For the example indicated in FIG. 1, gain control circuit 16 increases the chromatographic signal on lead 12 to a value of ten volts on lead 28. Log ratio circuit thus will provide the logarithmic ratio of the reference signal (ten volts) on lead 14 and the gain control signal on lead 28 (also ten volts) to provide a zero value signal on lead 22, which is the desired and necessary signal for initial operating conditions (the log of 10/10=0).
If the chromatographic signal on lead 12 were to have a different value, the gain control circuit 16 and logic circuit 20 provide the necessary adjustment to the gain control signal on lead 28, so that log ratio circuit could provide the necessary and desired zero value signal on lead 22.
It can be seen with the feedback arrangement, according to the present invention depicted in FIG. 1, that a DC reference voltage or current circuit is not necessary, as with prior art approaches. As will be described in more detail in conjunction with the circuitry depicted in FIG. 2, the ovens for the matched transistors of a log ratio circuit are also no longer necessary, thereby obviating the increased cost requirements of prior art approaches.
Referring now to FIG. 2, a schematic diagram of the chromatographic optical detector 10 of FIG. 1 is depicted.
In FIG. 2, the log ratio circuit 18 includes a pair of matched transistors 50, 52 which could be typically model numbers LM394. The reference signal on lead 14 is input to log ratio circuit 18 and the chromatographic signal on lead 12 is input to gain control circuit 16.
In FIG. 2, gain control circuit 16 desirably includes a digital-to-analog converter (DAC) 56, which receives a digital control signal from logic circuit 20 via lead 24.
In desirable operation, the control signal on lead 24 of FIG. 1 is generated by "counting" between values of zero and 255 to provide suitable changes in the gain of the chromatographic signal on lead 12. In operation, gain control circuit 16 receives a digital code from a counter 60 which can range in values from, in a preferred embodiment, between digital zero and digital 255. This output signal on lead 24 of FIG. 2 thus enables gain control circuit to automatically change or adjust the chromatographic signal on lead 12 to form the second signal on lead 28.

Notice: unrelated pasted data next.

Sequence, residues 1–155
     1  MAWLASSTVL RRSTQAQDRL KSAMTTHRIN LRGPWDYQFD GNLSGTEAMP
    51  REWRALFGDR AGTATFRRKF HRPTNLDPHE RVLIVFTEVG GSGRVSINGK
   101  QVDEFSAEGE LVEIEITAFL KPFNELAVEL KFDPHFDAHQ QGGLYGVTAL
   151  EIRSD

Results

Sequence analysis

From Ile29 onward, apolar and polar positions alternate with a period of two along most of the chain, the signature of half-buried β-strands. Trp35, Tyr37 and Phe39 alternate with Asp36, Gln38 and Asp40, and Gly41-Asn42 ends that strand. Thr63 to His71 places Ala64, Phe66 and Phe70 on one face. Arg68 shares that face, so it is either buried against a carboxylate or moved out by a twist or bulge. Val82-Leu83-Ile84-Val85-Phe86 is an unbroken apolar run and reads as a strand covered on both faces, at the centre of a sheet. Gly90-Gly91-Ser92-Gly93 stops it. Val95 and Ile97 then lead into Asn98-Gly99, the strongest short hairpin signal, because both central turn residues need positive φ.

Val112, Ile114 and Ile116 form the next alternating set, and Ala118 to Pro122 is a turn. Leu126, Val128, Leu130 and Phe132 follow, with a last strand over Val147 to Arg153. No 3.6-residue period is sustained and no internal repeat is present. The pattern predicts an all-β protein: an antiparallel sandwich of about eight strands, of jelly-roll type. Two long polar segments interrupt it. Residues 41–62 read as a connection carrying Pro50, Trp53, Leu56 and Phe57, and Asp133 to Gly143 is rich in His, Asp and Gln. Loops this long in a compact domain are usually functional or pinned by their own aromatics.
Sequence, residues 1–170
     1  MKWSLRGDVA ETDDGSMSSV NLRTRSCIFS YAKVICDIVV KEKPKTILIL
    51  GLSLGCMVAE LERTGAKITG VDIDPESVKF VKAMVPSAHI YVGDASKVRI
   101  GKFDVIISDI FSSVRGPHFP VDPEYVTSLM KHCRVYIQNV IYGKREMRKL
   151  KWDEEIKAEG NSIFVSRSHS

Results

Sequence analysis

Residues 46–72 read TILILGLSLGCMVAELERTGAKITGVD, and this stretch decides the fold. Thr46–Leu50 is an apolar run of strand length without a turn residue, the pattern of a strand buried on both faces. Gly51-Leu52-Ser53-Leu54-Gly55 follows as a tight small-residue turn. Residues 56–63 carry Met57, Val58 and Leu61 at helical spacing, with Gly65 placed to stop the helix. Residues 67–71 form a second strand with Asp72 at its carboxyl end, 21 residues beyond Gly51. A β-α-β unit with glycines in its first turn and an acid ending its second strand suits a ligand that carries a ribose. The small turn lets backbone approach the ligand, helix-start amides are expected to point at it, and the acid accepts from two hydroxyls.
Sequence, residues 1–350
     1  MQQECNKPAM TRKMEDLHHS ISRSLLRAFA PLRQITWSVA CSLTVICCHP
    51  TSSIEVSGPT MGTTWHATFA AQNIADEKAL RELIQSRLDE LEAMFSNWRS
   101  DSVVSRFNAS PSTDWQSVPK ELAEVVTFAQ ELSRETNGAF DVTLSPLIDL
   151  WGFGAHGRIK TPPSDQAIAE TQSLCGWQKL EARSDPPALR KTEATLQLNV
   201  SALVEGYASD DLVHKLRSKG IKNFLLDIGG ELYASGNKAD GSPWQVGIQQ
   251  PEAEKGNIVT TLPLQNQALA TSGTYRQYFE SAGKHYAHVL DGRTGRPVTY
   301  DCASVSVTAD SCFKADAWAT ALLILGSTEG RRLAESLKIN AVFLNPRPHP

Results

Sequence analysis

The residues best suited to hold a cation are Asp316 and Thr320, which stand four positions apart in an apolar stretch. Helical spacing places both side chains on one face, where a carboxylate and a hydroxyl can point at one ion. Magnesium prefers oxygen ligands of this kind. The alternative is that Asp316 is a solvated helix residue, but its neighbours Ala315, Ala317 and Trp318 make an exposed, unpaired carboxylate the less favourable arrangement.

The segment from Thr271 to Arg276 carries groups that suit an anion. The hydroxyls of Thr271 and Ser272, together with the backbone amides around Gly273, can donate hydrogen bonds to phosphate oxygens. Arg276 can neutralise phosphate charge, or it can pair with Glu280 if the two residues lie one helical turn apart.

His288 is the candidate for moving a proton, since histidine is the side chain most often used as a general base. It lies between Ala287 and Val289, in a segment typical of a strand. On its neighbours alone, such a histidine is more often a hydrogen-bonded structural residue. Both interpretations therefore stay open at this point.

In FIG. 2, the output of gain control circuit 16 is input to log ratio circuit 18 (together with the reference signal on lead 14) and the output of log ratio circuit 18 is input to a suitable amplifier 62, which is provided for sensitivity purposes and need not be further described in detail.
In FIG. 2, logic circuit 20 includes a comparator 64 for comparing the value of the output signal on lead 22 to determine the necessary loading of counter circuit 60 with an appropriate "code," the value of which can range from digital 0-255. This provides a range of 256 different values for connection to digital-to-analog circuit 56 of the gain control circuit 16.
As an example, if the value of the output from log ratio circuit 18 increases, logic circuit 20 via comparator 64 will provide an indication through the internal logic to counter 60 to appropriately adjust the output of gain control circuit 16 via lead 28.
Consequently, it can be seen that the optical detector of FIG. 2 provides for suitable feedback adjustment of the output signal of the log ratio circuit 18 to a zero value, as appropriate.
Log ratio circuit 18 of FIG. 2 desirably includes matched tranistors 50, 52. The present invention provides for temperature variance compensation under desired operating conditions without the prior art requirements of ovens.
In FIG. 2, the thermistor 70 provides improved calibration accuracy, inasmuch as there is a temperature dependent gain factor within the log ratio circuit 18. It has been observed that thermistor 70 provides an order of magnitude improvement.
In a desired embodiment, the gain control circuit of FIGS. 1 and 2 includes a digital counter driving a CMOS digital-to-analog converter.
With the temperature variance not a factor, it is expected that the present invention will work in environments even if the input signals are at variance (if, for example, the light intensity changes for some reason).
Further, the operating range can be effectively extended with the use of a log ratio circuit in conjunction with a gain control circuit, as depicted in FIGS. 1 and 2. The gain of a low input signal is boosted which, with logarithmic applications, provides a better operating range.
The principles of the present invention can be applied to other optical detector applications, such as absorption meters, fluorometers, and the like. Therefore, it is intended that the scope of the present invention be limited only by the accompanying claims.